Boullier: Pleasing to see smiles back on faces
6 September, 2011
Sep.6 (Renault) With Formula 1 making its final European pit stop of the season, Renault team boss Eric Boullier talks about the team’s re-emerging spirit as it looks to push on from Spa-Francrochamps.
Reflecting on the Belgian Grand Prix, there were more positives to extract than negatives…
Sportingly, it could have been a better weekend because we had one car in the low points and the other not scoring any which is not sufficient. However, all in all it was a good weekend; we had a very respectable qualifying session and Bruno stepped into the cockpit successfully. These aspects were quite promising; it was encouraging for the team to be able to see the cars delivering and their work bearing fruit.
Do you think there was a noticeable lift in team spirits in Spa?
I think the positive energy really came about after qualifying because everyone knows it is extremely challenging for a new driver to step in. Seeing the team applauding the drivers after Q2 and Q3 was a good sign; I was very happy to see that, and it was pleasing to see smiles back on everyone’s faces.
Some other positive news was third driver Romain winning the GP2 Series – you must have been very pleased for him?
Yes, he did it all in the correct manner which is very important. Everybody is talking about him in the paddock now; he became the new GP2 champion three races before the end, which is impressive. He’s done a good job in that discipline and I think he’s now ready to step back into Formula 1.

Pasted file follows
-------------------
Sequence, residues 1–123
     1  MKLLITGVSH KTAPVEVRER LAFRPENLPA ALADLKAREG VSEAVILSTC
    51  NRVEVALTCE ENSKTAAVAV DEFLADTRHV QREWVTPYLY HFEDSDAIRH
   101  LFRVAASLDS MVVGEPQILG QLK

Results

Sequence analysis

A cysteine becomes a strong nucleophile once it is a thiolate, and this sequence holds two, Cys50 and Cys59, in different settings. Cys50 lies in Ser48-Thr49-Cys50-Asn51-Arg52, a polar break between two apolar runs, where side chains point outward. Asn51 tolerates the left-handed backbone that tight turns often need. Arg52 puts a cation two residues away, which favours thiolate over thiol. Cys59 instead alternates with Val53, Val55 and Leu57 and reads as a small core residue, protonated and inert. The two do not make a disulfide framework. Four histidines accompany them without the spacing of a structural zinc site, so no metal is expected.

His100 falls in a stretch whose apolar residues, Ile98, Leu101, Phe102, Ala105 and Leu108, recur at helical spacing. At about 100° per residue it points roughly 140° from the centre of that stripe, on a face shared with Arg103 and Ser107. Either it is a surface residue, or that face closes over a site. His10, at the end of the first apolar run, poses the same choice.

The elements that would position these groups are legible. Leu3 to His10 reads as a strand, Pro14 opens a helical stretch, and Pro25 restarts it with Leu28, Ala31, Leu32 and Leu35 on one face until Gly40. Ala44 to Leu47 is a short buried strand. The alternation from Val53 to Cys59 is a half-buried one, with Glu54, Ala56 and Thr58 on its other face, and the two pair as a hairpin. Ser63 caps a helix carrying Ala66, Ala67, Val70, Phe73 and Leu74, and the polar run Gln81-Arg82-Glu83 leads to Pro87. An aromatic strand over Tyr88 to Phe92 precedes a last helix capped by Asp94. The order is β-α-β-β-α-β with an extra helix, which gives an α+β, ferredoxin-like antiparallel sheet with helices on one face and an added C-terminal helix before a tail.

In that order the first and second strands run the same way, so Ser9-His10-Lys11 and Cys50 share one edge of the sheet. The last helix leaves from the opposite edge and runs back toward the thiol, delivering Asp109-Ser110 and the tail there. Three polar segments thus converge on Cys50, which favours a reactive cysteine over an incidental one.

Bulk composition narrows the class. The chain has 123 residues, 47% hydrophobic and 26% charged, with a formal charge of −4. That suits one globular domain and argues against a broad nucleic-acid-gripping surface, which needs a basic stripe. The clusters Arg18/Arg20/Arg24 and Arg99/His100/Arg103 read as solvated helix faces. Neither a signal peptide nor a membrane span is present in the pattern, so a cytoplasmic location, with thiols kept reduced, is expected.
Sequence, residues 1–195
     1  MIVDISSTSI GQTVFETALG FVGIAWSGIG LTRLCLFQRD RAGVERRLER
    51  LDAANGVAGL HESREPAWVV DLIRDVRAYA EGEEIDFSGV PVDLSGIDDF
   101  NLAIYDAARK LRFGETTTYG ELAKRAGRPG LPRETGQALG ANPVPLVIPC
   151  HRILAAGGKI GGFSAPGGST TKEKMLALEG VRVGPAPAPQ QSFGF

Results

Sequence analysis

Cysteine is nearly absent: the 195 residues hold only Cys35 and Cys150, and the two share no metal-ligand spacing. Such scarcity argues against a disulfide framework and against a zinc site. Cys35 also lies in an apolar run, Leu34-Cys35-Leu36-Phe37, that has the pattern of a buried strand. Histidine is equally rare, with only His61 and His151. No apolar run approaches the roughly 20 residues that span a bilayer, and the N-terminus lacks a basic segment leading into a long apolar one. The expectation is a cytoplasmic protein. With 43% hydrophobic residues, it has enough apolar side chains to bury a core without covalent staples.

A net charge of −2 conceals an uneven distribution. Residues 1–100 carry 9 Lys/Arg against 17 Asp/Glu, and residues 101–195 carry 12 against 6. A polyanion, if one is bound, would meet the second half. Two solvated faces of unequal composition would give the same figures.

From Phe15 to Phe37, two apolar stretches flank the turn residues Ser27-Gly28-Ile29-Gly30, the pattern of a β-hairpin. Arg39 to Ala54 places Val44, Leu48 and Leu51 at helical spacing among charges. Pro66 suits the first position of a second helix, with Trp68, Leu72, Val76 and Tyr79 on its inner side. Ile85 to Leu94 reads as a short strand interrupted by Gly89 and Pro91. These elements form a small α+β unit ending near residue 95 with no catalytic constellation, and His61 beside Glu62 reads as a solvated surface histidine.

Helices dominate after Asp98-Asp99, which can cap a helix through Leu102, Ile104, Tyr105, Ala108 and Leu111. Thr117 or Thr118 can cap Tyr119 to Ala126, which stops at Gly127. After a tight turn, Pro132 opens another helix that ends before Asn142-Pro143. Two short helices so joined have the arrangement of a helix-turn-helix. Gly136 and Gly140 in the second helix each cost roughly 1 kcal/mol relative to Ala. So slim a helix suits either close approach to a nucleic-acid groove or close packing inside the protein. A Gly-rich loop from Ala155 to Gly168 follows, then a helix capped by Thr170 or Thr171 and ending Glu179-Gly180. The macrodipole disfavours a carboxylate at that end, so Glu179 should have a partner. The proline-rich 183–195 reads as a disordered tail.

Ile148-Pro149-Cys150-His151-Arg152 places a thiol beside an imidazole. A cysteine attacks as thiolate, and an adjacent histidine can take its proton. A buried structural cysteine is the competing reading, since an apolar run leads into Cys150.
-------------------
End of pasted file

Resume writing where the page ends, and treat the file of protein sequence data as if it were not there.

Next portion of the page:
With a change of race driver, do you find you have to alter your approach in the way you work with them?
Yes, because each driver is very different. There are different characters with varying mannerisms, so you have to adapt depending on whom it is that’s in the race seat. Even if Bruno has been part of the LRGP family for a number of months now, it is a different proposition that he faces as a racing driver.
Do you think Monza will provide a greater indication of ‘the Bruno effect’?
Yes, it’s difficult to draw too much from one race alone (Spa), whether that’s in terms of who is in the race seat or the effect of the upgrade package, but Monza should give us a clearer indication as to how things are going. Monza is always a difficult track because it requires a low downforce set-up; it has high speed corners and high speed straights. After the steps we made in Spa, I’m confident we will have a progressive weekend in Italy too.